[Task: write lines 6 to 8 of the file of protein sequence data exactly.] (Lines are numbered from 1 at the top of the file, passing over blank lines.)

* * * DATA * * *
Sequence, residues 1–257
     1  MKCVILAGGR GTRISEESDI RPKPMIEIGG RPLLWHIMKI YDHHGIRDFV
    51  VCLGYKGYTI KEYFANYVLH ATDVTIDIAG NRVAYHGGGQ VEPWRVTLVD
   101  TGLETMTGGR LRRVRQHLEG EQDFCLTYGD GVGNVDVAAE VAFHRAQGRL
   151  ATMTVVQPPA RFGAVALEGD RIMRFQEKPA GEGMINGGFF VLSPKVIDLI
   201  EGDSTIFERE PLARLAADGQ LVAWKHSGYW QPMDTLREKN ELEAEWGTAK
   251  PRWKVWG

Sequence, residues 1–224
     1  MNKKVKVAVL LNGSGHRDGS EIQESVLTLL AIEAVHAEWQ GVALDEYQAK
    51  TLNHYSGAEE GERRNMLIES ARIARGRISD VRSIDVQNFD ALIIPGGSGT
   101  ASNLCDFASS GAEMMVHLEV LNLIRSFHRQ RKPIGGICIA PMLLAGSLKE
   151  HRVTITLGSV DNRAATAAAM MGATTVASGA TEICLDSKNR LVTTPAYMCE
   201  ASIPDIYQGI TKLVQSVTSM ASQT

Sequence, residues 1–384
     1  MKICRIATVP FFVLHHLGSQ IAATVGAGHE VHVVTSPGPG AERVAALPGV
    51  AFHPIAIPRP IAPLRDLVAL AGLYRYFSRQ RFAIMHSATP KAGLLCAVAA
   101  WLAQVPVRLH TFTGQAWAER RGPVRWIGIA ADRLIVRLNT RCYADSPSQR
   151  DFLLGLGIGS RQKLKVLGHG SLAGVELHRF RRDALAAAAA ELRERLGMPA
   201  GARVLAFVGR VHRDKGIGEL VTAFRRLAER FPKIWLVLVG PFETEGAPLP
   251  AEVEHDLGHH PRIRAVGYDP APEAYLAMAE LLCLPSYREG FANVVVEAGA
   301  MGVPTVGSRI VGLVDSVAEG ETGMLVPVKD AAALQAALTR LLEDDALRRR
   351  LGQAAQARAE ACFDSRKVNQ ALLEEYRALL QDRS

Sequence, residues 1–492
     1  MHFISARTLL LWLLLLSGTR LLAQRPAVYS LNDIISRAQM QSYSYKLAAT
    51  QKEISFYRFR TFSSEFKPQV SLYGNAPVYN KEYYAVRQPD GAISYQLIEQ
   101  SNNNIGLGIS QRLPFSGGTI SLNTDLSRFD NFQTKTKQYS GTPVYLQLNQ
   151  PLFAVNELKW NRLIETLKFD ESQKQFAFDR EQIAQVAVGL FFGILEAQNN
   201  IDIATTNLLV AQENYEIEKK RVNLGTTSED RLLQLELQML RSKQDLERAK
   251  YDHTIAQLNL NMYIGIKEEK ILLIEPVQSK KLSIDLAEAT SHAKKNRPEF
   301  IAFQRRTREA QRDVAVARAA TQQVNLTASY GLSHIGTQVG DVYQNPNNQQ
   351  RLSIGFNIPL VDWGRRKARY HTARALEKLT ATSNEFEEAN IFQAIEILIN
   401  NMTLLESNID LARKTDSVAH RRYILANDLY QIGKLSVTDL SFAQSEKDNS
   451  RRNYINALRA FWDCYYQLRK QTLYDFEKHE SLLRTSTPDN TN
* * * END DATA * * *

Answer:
   201  EGDSTIFERE PLARLAADGQ LVAWKHSGYW QPMDTLREKN ELEAEWGTAK
   251  PRWKVWG

Sequence, residues 1–224